Misleading Reporting on the Arab-Israel Conflict, BBC-Style
Today, my series on misleading reporting deconstructs the BBC:
“Israel: Gaza rocket attacks strike Ashdod and Yavneh”
“Two rockets have been fired from the Gaza Strip into Israel, a day after Israeli air strikes on the Hamas-controlled territory. There have been no reports of casualties.”
See, Israel started it. Besides, Hamas’ rockets are harmless.
“The rocket attacks come amid growing cross-border tensions ….”
Why describe events as “tensions”? Because tension doesn’t justify this:
“…there have been at least three Israeli airstrikes as well as artillery fire on targets in Gaza on Thursday. At least one Palestinian has been injured.”
The Israelis hurt people. Not like that nice Hamas.
Why did the Israelis strike?
“Rockets fired from Gaza into southern Israel on Wednesday [which] prompted Israeli air strikes east of Gaza City later in the day.”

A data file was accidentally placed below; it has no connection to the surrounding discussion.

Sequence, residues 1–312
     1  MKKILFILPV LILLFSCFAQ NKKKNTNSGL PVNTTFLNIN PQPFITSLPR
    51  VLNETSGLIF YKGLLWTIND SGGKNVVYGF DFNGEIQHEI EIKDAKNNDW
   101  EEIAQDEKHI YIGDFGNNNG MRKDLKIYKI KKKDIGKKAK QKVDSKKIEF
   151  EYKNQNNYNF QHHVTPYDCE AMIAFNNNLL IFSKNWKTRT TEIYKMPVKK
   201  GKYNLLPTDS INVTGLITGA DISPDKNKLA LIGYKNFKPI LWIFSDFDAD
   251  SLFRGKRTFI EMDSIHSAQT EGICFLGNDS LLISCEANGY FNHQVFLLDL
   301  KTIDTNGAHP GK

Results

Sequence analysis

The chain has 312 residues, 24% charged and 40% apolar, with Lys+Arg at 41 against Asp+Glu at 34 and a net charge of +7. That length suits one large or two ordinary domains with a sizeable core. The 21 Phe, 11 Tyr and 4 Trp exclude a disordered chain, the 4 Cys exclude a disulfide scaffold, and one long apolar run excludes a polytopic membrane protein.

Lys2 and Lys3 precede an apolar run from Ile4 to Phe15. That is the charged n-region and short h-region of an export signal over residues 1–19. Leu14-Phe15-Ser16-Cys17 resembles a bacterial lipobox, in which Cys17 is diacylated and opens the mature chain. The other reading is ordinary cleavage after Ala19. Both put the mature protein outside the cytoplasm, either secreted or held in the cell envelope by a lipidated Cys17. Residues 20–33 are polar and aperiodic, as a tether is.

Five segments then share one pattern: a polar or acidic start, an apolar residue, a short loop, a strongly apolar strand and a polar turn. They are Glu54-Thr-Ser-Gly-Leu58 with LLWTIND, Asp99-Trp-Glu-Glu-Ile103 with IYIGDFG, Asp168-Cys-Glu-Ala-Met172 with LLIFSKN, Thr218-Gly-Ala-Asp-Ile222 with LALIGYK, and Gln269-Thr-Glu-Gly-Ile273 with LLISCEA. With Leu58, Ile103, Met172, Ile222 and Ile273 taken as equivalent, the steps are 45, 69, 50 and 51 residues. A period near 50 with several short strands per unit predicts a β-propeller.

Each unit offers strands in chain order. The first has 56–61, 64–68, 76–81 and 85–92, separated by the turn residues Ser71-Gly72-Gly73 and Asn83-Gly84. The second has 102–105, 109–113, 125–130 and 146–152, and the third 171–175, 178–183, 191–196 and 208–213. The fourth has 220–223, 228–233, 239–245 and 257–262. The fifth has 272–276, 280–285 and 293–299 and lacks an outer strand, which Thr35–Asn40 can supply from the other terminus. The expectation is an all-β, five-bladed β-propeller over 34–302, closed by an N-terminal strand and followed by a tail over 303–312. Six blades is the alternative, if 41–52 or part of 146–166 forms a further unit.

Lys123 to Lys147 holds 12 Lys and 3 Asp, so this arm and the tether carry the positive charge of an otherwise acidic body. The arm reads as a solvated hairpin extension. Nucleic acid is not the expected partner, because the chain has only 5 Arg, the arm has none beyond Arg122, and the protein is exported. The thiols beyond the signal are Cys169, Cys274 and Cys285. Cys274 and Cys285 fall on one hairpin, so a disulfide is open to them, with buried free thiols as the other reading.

Oh, they were responding to an attack, right? Not in BBC-land:
“The Islamic Jihad militant group said it had carried out the earlier attacks in reprisal for the killing of eight Palestinians near Gaza City on Tuesday. Four of those killed were members of one family, and included two children.”
The Joos started it. And they killed civilians.
Next, BBC’s reminds us that Israel likes to invade Gaza:
“Exchanges since Saturday have been among the most serious since Israel’s major offensive in the coastal strip between December 2008 and January 2009. Gaza has been run by the Islamist Hamas movement since 2007. “
No mention that the offensive followed months of missile fire from Gaza.
Finally, the obligatory inanimate object:
“On Wednesday, a bomb left at a bus stop in Jerusalem killed one person and wounded many others. No group has said it carried out that attack. “
A bomb is inanimate. It is placed. Deliberately. It is then detonated. By a person. But no matter. No group claimed the bomb, so to the BBC it came to life, Golem-life, and attacked peopl